So I was listening to classic rock the other day and Rush’s 1980 anthem “Spirit of the Radio” came on the playlist. I’ve probably heard this song over a hundred times in my life starting all the way back to my dad driving me around Knightdale, NC and playing classic rock on FM 105.1, but something about the second verse really hit home this time around. All this machineryMaking modern musicCan still be open-heartedNot so coldly chartedIt’s really just a questionOf your honesty, yeah your honestyOne likes to believeIn the freedom of musicBut glittering prizesAnd endless compromisesShatter the illusionOf integrity, yeah Spirit of the Radio, Rush Neil Peart’s lyrics were about the transition of free-form radio to the commercial format[…]

What is it about the art of the late 80’s to mid 90’s that we can’t let go? How many 20XX platformers look like they could run on a SEGA Genesis? Why do 90% of indie-JRPGs seem like they visually resulted from the equation “Earthbound meets X”? When did Symphony of the Night clones become so ubiquitous that Metroidvania is now in the gaming nomenclature? I can’t logically comprehend why this period stuck so much. Sure we can all look back at those games and say, “Wow, this shit still holds up today”., but what does that actually mean? I can’t remember the last time I saw Atari 2600 inspired game art garnering press online. Nobody is eager to relive[…]

Somewhere in your game development career you start to notice game design is really a trade of manipulation. Utilize this technique to teach people not to do something, that technique to reward them for their actions; training a new player has a lot in common with training a puppy. Nothing in my game career makes me sadder than realizing that the most effective technique for making players feel as though they have accomplished something is to make a number increase. Dave Arneson, co-creator of Dungeons & Dragons, was said to have invented experience points and level advancements during the evolution of Chainmail’s combat resolution (link). Here, in the early 70’s, a game tool was invented so powerful that nearly 50[…]

I hate tools development. Tools are one of the few parts of game development that don’t contribute to the final experience. Sure we can all make excuses about easing development and streamlining content creation, but when all is said and done tools aren’t moving units. Don’t get me wrong, tools are needed. How long would a platformer take to develop if every single platform, enemy and item was placed and tested via pixel number instead of crafted inside a level editor? But tools iteration is the siren calls, luring game developers away from creating and towards solving problems that didn’t need to be solved. In fact, lots of famous SaaS companies started out as game developers that focused a little[…]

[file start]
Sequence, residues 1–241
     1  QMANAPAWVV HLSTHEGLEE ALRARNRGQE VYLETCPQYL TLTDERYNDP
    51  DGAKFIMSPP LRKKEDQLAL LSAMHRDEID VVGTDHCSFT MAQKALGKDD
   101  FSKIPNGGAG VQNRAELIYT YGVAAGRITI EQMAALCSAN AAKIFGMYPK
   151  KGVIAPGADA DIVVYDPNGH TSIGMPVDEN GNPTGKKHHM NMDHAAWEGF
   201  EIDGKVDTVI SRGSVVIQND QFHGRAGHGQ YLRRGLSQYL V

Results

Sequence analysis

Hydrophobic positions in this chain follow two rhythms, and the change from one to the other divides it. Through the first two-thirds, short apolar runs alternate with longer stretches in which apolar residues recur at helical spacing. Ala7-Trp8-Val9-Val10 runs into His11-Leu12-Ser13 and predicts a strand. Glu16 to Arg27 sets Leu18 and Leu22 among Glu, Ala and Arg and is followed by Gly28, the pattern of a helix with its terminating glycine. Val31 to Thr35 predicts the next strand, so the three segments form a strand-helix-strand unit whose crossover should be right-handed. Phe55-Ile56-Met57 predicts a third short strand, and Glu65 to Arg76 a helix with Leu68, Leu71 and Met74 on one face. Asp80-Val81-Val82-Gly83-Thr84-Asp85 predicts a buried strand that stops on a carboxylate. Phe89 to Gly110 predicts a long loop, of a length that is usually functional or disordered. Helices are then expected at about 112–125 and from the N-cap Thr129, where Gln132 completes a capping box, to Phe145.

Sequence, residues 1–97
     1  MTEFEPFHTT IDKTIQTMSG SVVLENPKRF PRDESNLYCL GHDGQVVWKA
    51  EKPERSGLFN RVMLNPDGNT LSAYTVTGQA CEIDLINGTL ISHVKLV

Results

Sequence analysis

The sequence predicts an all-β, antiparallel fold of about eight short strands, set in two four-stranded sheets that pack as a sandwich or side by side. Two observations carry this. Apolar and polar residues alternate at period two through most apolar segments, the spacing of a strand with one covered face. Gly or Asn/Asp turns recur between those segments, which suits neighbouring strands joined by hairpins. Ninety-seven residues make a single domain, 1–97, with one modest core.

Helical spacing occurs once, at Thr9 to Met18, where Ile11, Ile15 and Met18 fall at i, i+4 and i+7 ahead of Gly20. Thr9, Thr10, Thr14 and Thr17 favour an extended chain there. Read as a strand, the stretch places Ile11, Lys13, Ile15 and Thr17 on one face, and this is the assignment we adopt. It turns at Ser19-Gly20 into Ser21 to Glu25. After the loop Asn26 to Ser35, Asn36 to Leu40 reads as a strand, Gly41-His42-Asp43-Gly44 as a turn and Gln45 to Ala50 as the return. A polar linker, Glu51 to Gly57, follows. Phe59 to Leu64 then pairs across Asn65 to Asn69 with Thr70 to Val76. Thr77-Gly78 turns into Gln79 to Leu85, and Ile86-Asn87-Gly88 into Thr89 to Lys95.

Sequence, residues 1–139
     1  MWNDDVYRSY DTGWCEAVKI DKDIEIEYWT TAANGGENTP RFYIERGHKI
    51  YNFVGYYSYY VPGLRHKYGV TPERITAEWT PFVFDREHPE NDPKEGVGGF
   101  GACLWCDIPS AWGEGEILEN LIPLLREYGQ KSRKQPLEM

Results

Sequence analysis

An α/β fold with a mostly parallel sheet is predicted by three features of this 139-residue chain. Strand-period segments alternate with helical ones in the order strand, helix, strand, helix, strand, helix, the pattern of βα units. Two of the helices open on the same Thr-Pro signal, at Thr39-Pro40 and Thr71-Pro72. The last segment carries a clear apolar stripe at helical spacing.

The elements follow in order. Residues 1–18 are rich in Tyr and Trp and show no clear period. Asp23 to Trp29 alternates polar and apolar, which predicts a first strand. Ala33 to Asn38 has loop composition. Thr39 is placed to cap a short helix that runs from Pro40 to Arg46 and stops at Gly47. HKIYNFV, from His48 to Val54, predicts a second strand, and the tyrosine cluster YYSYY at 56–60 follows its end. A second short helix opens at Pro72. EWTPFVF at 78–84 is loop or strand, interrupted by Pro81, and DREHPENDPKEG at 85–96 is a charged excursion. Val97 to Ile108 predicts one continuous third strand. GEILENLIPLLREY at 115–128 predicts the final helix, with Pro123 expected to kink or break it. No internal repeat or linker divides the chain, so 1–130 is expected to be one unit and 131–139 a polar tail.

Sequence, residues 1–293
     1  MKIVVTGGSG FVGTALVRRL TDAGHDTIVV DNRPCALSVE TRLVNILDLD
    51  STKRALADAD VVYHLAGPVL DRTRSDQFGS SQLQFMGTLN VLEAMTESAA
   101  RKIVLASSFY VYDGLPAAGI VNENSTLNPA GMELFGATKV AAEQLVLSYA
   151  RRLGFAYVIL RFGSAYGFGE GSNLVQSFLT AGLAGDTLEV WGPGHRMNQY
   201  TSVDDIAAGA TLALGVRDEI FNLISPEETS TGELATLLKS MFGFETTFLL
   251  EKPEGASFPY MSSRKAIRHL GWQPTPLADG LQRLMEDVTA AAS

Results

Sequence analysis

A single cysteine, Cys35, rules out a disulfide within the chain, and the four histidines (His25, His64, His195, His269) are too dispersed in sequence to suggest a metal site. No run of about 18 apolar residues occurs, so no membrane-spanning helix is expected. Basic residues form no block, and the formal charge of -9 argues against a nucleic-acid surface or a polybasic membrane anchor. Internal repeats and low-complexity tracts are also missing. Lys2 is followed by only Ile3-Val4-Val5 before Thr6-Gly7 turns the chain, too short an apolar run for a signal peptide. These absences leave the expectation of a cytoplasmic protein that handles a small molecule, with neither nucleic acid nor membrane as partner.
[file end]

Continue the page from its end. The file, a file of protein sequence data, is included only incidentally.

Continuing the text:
Sriracha, also known as the Rooster from hell (nobody calls it that), is a spicy chili sauce that exploded in popularity over the last 10 years. Demon’s Souls, FromSoftware’s breakout hit that revived the company known mostly for the mech series Armored Core, started a series of games that exploded in popularity over the last 10 years. When I eat something topped with Sriracha, I immediately regret it. The pain, the heat; what flavor was I seeking out that I thought dosing the red liquid of Ragnaros was a good candidate to bring me there? I am wondering, “Can I go on? Can I really finish this meal I so regretfully ruined with this evil sauce? Surely the second bite[…]

The age old question of new game developers is where do I start? Do I create art? Do I start programming frameworks? Do I make physical prototypes? Do I mod an existing game? Like most things in life, there is no actual answer. Let what drove you to take the mammoth task of developing a game inspire your work. Jenova Chen chased an emotion with Thatgamecompany’s third outing, “We wanted to bring in a new feeling between people online.” Doom was inspired by id’s late night D&D campaigns. Chase whatever muse started this adventure. For my current game, the muse was the idea of solving logic gates. For those that don’t know, logic gates are things like AND and OR[…]

The obligatory first post title. Maybe it’s because WordPress un-ironically has a default post with this title, maybe I am nostalgic of getting text to appear on screen from an intimidating new programming language. This blog is where I hope to dump any and all of my thoughts on game development, strip down the game design of anything that I am playing or has become popular with the kids and keep a development blog for the random game-related side projects I have going on. “Who is this overly confident person’s blog I stumbled across” you mightshould be asking yourself. My name is Eric McConnell, a white color office worker by day and aimless indie game developer by night. I’ve released[…]